SUMMARY: Uranium has been enjoying a stealth bull market due to the coronavirus outbreak. Temporary mine closures to slow the spread of the virus at production facilities have triggered an unexpected supply squeeze, sending the price of uranium up nearly 30% since the beginning of March. According to one analyst, half of global production has been cut. With the supply/demand balance moving in favor of miners, the outlook for uranium stocks is the brightest it has been in years.
An ongoing supply shock is moving the uranium market's demand/supply balance in favor of miners, strengthening their pricing power in the process.
2020 Supply Shock
The world relies on four countries for 75% of its uranium supply: Kazakhstan (40% of global supply), Canada (13%), Australia (12%) and Namibia (10%). What's more, about 65% of global output is sourced from just six mines. Following the example of millions of other businesses around the planet, some of those mines have temporarily suspended operations to slow the spread of COVID-19 infections at their facilities.
In Kazakhstan, all uranium mines will cease production for a three-month period, according to an announcement made last week by the country's national atomic company, known as Kazatomprom. For 2020, Kazatomprom had planned to churn out about 22,800 tonnes of uranium (50.3 million lbs), but that volume will be lower by as much as 4,000 tonnnes (8.8 million lbs) or 17.5% due to the mine closures.
Over in North America, Canada-based producer Cameco has suspended operations at Cigar Lake—the world's single largest uranium mine—for an indeterminate period, or until such time as "a safe and sustainable restart is possible." The Cigar Lake mine produces 18 million lbs of uranium annually, equivalent to 13% of global supply. With this decision, Cigar Lake joins other Cameco-owned mines and milling operations that have been reduced to care-and-maintenance activity levels since 2016.
On the African continent, mines in Namibia and South Africa are also on lockdown to protect workers from the virus' spread.
Shifting Demand/Supply Balance
Output curbs are not unusual in the uranium world. After nearly ten years of price declines, most mines are operating at loss-levels. In response to these market conditions, miners have been curtailing production for several years already.
Global uranium output stood at 53,500 tonnes in 2018, down 10% from a year earlier and down 14% from the year before that. The quantity extracted was enough to fulfill just 83% of global demand at the time. To meet consumption needs, the market has had to tap into existing stockpiles and recycled material to make up the difference.
Annual global demand for uranium now stands closer to 150 million lbs or 68,000 tonnes. That reflects a demand increase of 8% in two years without a commensurate increase in global production, which at the moment amounts to about 125.5 million lbs of uranium. Accounting for this year's unexpected output disruptions due to the COVID-19 pandemic, the supply deficit will only grow larger and global stockpiles will be depleted at a faster rate.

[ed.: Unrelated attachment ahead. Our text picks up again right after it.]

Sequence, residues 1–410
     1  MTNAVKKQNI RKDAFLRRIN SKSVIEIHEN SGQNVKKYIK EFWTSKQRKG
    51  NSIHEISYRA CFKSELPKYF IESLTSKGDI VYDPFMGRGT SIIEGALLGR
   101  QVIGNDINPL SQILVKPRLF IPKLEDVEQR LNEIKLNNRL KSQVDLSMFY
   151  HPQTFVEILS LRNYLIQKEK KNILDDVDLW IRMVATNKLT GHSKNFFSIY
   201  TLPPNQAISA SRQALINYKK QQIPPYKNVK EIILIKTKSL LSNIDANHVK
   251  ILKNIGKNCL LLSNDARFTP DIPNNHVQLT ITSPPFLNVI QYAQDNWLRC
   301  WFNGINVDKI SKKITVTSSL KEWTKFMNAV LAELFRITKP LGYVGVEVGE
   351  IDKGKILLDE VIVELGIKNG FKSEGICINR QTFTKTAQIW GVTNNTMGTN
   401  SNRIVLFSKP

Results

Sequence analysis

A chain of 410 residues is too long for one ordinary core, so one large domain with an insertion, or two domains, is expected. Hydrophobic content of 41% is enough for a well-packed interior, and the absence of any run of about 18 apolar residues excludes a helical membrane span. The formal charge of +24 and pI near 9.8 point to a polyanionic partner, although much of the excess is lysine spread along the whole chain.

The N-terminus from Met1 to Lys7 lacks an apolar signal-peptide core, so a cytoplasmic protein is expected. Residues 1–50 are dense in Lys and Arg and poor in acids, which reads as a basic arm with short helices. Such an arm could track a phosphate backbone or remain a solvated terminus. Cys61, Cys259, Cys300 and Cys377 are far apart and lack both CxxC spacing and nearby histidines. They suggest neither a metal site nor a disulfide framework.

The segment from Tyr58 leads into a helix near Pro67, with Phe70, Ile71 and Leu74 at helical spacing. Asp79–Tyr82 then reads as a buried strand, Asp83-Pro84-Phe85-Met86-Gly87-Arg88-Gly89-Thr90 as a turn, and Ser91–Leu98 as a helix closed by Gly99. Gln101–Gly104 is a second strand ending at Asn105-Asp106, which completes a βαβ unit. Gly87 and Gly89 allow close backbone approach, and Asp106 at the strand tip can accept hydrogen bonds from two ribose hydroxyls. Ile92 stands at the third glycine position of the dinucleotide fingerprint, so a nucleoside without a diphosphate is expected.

We mentioned earlier that Kazatomprom's output for 2020 will decrease by 8.8 million lbs because of its three-month-long mine closures. That alone translates to 7% of global output disappearing, which is quite significant.
Upward Pressure on Uranium Prices
On March 16, 2020, uranium was trading at $23.90/lb according to Trading Economics. Now, just one month later, the price of uranium has reached $32.00/lbs. The 33% price jump reflects the market's reaction to the temporary supply shock. While the current price is still below the $40–$60 breakeven level for most mines, the upward pop certainly improves their prospects.
If production remains below pre-COVID-19 levels even after the shuttered mines resume operations, some power companies will draw down their inventories to the point at which it becomes urgent for them to secure new long-term supply contracts with miners. When that happens, uranium producers will enjoy stronger pricing power than they have seen in at least four years.
Another catalyst on our radar is the possibility of the United States building up stockpiles for its national uranium reserve. In his latest proposed budget, President Trump has earmarked $150 million a year for that purpose. Whether Congress approves the request remains to be seen. The biggest beneficiaries would be U.S. producers as well as some Canadian miners, since the most economically viable deposits of uranium in North America happen to be in Saskatchewan, Canada.
How to Invest
The Global X Uranium ETF (URA) and the more recently launched North Shore Global Uranium Mining ETF (URNM) both provide exposure to uranium miners. Investors looking for single-stock exposure will find that most of the pure-play names have become penny stocks following the industry's almost decade-long bear market. One of the rare exceptions is Cameco (NYSE: CCJ).
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McAlinden Research Partners (MRP) provides independent investment strategy research to investors worldwide. The firm's mission is to identify alpha-generating investment themes early in their unfolding and bring them to its clients' attention. MRP's research process reflects founder Joe McAlinden's 50 years of experience on Wall Street. The methodologies he developed as chief investment officer of Morgan Stanley Investment Management, where he oversaw more than $400 billion in assets, provide the foundation for the strategy research MRP now brings to hedge funds, pension funds, sovereign wealth funds and other asset managers around the globe.[NLINSERT]
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